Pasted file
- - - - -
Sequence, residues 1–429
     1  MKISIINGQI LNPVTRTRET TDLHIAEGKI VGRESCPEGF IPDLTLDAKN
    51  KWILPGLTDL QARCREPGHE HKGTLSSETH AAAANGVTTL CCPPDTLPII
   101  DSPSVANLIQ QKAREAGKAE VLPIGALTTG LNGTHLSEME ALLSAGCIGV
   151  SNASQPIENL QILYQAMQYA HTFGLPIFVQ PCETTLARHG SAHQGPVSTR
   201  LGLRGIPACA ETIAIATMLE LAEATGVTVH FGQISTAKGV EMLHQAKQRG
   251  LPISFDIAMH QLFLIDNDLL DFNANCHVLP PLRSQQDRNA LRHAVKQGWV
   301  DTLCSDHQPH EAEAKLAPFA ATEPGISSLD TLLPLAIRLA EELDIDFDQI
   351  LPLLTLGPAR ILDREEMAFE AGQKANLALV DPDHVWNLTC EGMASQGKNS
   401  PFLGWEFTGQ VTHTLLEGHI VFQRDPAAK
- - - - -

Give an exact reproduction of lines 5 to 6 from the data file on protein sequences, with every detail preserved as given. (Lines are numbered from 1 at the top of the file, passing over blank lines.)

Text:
   151  SNASQPIENL QILYQAMQYA HTFGLPIFVQ PCETTLARHG SAHQGPVSTR
   201  LGLRGIPACA ETIAIATMLE LAEATGVTVH FGQISTAKGV EMLHQAKQRG